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Remembered Today:

A Russian View


ericwebb
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Exploring new territory today I found:

'Sometimes it was rather monotonous on board, but we had some excellent. lectures delivered by a certain Russian lady who led the famous “Legion of Death” in Russia during the early part of the War. This woman had been wounded four times, and had been over the top eight times; she joined as a Russian soldier, but at the request of nearly all her officers received her commissioned rank and eventually rose to the rank of Colonel, an unique and praiseworthy distinction.'

Cojones that Russian dame I surmise, the size of footballs.

And a proper sense of equality, liberty, fraternity [sorority?] on the part of her comrades in arms.

A random grenade! Comments please, ad lib!

Eric

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  • 3 weeks later...

Hello Eric

There are two very good books on the subject of the Russian Women's Battalions. 'Yashka : My Life as Peasant Officer and Exile', by Maria Botchkareva and Isaac Don Levine (New York, 1919) and Laurie Stoff 'They fought for the Motherland' (University Press of Kansas, 2006).

Maria Botchkareva commanded the Women's Battalion of Death which was raised in Petrograd in 1917 and was sent to the front. Originally it was about 1000 strong but because of Maria Botchkareva's strict discipline, it was soon reduced to about 200 women.

Another Women's Battalion which was also raised in Petrograd, probably from the 'rejects' of Maria Botchkareva's Battalion, was charged with defending the Winter Palace. These battalions are often confused with each other .

Maria Botchkareva also mentions visiting another a Women's Battalion which was raised in Moscow, although she did not think much of it because they were allowed to wear makeup.

According to Laurie Stoff's book there was about 15 Women' s units, though some are just mentioned as existing on paper.

If you type in 'Womens Death Battalion' on google images, you should find some photographs of the battalion which defended the Winter Palace.

I hope this helps

Ally

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  • 9 months later...

Hi Michael

I have not studied this, but I read a couple of articles/chapter in Higgonet, Margaret R. 1999. Lines of Fire. Women Writers of World War One. Penguin Books. ISBN 0-452-28146-46. pp155-171.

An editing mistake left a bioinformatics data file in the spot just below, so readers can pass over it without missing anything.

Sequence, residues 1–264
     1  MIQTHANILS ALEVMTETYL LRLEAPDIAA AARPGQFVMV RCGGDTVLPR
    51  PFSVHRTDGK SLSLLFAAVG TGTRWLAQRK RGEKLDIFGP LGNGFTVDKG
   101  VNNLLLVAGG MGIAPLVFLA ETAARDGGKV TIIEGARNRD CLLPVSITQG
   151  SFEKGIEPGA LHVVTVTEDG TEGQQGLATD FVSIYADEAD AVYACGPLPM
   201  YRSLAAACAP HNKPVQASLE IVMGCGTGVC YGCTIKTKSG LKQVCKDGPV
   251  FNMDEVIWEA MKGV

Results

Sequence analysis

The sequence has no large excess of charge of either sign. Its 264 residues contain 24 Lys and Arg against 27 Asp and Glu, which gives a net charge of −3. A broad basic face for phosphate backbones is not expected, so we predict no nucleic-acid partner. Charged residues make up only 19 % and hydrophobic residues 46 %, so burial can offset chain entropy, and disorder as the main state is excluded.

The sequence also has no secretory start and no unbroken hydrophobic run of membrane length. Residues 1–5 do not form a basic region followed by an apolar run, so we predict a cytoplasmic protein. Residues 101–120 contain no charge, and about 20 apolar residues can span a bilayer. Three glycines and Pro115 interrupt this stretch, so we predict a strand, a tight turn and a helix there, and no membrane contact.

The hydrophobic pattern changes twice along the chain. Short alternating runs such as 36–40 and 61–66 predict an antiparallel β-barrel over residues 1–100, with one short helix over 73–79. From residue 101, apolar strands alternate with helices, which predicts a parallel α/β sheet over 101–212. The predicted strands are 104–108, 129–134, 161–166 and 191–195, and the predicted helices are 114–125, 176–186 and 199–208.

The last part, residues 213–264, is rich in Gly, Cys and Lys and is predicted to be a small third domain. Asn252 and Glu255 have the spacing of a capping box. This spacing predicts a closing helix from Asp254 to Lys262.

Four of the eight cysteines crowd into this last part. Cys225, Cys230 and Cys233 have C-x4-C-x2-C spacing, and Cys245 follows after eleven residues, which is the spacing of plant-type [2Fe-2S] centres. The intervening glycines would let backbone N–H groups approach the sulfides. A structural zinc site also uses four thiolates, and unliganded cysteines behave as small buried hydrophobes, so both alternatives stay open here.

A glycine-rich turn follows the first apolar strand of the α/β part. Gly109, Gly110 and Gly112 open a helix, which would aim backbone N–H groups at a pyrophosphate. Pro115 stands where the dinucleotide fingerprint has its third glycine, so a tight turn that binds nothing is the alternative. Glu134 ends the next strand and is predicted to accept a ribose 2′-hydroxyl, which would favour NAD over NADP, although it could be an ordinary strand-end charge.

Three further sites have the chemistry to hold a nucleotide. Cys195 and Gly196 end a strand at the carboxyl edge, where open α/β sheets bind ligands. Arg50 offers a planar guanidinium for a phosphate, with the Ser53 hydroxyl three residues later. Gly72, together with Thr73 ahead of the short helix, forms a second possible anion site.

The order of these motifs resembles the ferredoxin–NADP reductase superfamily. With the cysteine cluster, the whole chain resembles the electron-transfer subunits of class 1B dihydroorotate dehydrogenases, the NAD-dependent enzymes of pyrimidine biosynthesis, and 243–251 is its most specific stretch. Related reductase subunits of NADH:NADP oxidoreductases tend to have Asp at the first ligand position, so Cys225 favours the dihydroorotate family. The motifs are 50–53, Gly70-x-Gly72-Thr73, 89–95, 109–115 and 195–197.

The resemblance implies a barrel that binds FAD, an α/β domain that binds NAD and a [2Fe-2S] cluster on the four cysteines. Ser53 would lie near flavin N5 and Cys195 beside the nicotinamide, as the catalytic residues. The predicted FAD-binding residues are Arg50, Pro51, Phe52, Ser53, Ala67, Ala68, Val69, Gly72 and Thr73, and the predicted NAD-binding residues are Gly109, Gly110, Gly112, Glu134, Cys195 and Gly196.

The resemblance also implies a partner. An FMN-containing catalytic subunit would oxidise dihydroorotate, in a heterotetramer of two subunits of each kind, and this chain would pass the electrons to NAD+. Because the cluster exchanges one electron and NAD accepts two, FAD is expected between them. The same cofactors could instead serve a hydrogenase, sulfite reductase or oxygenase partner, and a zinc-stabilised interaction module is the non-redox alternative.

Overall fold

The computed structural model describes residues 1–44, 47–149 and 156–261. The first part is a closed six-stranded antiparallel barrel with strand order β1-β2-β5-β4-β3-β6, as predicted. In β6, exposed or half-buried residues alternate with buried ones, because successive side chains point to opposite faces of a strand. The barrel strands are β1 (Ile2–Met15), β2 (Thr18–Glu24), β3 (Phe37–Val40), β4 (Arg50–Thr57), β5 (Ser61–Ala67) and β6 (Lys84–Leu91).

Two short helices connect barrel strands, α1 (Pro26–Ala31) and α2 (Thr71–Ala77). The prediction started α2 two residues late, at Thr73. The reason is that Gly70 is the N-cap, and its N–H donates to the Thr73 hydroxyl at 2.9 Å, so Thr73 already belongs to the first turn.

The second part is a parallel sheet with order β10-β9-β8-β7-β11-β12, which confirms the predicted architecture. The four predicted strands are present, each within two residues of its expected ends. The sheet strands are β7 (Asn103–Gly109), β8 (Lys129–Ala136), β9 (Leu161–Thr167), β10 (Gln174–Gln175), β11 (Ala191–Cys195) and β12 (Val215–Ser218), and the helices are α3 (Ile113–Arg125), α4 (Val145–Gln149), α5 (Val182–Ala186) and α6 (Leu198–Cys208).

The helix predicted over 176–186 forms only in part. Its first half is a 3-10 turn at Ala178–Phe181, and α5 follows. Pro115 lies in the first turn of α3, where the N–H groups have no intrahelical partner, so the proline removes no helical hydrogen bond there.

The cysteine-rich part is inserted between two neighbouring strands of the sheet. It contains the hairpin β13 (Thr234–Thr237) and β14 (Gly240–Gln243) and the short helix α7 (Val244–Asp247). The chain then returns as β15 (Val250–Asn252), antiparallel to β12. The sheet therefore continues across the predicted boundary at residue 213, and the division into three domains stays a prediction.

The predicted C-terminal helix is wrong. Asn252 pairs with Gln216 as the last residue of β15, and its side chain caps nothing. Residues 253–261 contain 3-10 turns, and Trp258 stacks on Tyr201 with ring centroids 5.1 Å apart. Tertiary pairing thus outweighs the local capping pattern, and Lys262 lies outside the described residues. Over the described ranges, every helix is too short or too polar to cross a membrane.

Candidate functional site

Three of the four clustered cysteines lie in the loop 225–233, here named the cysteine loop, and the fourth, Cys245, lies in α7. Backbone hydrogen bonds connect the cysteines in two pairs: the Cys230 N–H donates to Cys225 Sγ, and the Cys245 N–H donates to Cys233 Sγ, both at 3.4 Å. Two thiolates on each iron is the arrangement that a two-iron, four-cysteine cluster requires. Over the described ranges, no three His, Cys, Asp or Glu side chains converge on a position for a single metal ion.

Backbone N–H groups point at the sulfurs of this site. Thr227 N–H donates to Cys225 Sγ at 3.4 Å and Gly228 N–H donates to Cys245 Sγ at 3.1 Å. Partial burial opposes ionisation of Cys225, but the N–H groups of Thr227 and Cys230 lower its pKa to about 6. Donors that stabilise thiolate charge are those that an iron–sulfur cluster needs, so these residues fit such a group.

It is an interview with / extract from the writing of Maria Leot'evna Botchareva and an account of her service with the Battalion

It is mostly extracted from her autobiography "Yashka, My Life as a Peasant Officer, and Exile." (Isaac Don Levine trans.) which I believe is available as a reprint of the 1919 edition.

Hope this is of interest,

Chris

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Thanks for the replies guys.

From looking at 'The Blood of our Sons-Men, Women, and the Regeneration of British Citizenship During the Great War' by Nicoletta F Gullace,

it seems that in 1917 Mrs Emeline Pankhurst went to visit Maria Leot'evna Botchareva in Russia to express her support for the Women's Batallion of Death' and to urge the new Russian government to keep fighting in the Great War ; this was a few weeks before the Bolsheviks took power.

It must have been quite an interesting meeting. Ramsay MacDonald was also on his way out to Russia to encourage the new government to withdraw from the War.

Chris, have not heard of 'Lines of Fire', will try and find a copy. Appreciate your help.

Regards

Michael Bully

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There a few brief references and a portrait of Maria Bochkarova in the new book Anzacs in Arkhangel by Michael Challinger ISBN 978 8 74066 751 7,

whilst this book is not directly concerned with womens battalions from Russia is not a bad read about the post war operations in that area.

David

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Thanks for the links Ally -appreciated. I have just bought 'The Virago Book of Women and the Great War' edited by Joyce Marlow, which has a few pages on the Russian Women's Batallion of Death. The whole book is an anthology of women's writing from the Great War itself. Intriguing.

Ally Sloper said:
There is a book on this subject 'They fought for the Motherland', see the forum page, see

Also Wikipedia also has a page on the Women's battalions, http://en.wikipedia.org/wiki/Women's_Battalion

Hope this helps

Ally.

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The interesting thing about the Russian imperial army was that women weren't prohibited from serving as combat troops, even before the establishment of the Battalions of Death. It was apparently up to local commanders whether to accept women or not. Women who wanted to fight were sometimes asked to get written permission from the Tsar, which was often granted.

Here are two women serving as infantry, captured by the Germans in 1915.

post-7020-1276494200.jpg

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Thanks for posting the photos Tom. Much appreciated. Just curious-where are they from?

Regards

Michael Bully

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